To kick off our how to writing unit, we read four mentor texts and created an anchor chart together. After we read each book, we added the book cover under the elements of how to writing that were evident in the book. My kiddos LOVED coming up to stick the book covers to our chart.
I do find immersion a bit tough for kindergarteners though. It's hard for them to sit and listen to a story and then discuss the elements of the story that make it fit into the how to (or any other) category. I decided to try and break it up for them a little. For example, when we read the mentor text I Can Draw People, we tried out one of the drawings before we looked at and discussed our anchor chart. It was really helpful to give my kids a chance to get up, find a new spot in the room, and complete another task before coming back to the carpet to have the discussion.
Once we really understood what a how to book was, we wrote one together. We brainstormed ideas of how we could teach someone to be a friend, and then I compiled all of our ideas onto mini chart paper. The next day, I had my students pair up with a partner, and each pair illustrated one of the pages. We compiled our pages into our own How To Be a Friend class book!
After our class book made its way into our classroom library, it was time to start writing some how to mini books on our own. We thought back to the mentor text that we had read (How To Be), and we each thought of one thing that we could teach other people to be. Our ideas ranged from big sister to video game player and everything in between! These mini books were a great way for my kinders to practice starting their sentences with verbs and getting their ideas on paper.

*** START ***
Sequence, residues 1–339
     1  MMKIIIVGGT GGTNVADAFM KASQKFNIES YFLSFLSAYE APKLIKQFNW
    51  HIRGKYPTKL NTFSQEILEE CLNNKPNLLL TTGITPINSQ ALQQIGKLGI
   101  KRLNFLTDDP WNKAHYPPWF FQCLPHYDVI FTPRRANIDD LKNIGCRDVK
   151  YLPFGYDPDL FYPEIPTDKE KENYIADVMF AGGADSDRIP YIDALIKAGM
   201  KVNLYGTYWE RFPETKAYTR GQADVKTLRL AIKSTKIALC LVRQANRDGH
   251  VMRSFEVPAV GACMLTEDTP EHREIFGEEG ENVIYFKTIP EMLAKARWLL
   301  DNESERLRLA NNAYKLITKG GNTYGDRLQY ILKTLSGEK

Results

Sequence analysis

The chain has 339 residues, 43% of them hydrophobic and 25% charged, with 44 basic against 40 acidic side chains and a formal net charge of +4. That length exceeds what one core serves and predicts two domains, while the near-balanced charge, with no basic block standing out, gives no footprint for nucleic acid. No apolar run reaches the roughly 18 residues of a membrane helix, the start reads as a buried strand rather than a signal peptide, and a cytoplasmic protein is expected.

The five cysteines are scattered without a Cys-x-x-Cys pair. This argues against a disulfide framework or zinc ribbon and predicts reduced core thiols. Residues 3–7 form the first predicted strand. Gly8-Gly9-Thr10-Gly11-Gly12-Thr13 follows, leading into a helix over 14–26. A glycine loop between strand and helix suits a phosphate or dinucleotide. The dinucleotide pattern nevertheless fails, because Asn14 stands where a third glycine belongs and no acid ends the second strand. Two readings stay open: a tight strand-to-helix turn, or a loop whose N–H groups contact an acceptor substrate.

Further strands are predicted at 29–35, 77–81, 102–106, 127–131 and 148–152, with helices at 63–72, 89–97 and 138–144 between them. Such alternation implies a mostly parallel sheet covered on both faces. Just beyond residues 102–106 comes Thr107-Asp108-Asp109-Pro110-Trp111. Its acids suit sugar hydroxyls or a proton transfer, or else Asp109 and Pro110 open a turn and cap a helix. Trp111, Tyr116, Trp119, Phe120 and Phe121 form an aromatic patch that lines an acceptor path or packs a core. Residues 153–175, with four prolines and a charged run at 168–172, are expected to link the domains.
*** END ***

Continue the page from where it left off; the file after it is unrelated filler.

It just so happened that around this time, we filled up our class heart (school-wide behavior management program), and were going to earn our class reward. I had planned to do a shared writing of how to make peanut butter and jelly, but I let my class vote between peanut butter and jelly and pizza. What do you think won? Pizza of course! So, I was back to my computer to create a completely new lesson!
We started at the beginning of the week by completing a shared writing on our Promethean board. My kiddos helped me move the pictures in the correct order, and then they helped me write the steps. I love sharing the pen with them!
Once we completed the shared writing as a class, I divided my kinders into 3 groups. Each group was responsible for making a poster with the steps of how to make pizza. It wound up working out so that each student wrote one of the steps (with 2 or 3 kids writing 2 steps). 
Once the writing was done, they glued the steps in order to create their posters!
When we were finished, it was time for our class reward! We reviewed the steps of how to make a pizza, and then we put these steps to the test and made our own pizza! We did get to skip the first step (roll out the dough), though, because we made English muffin pizzas! 
We've had a blast exploring how to writing so far, and can't wait to start our own books soon!
a Rafflecopter giveaway
post signature
Related Posts Plugin for WordPress, Blogger...
Follow on Bloglovin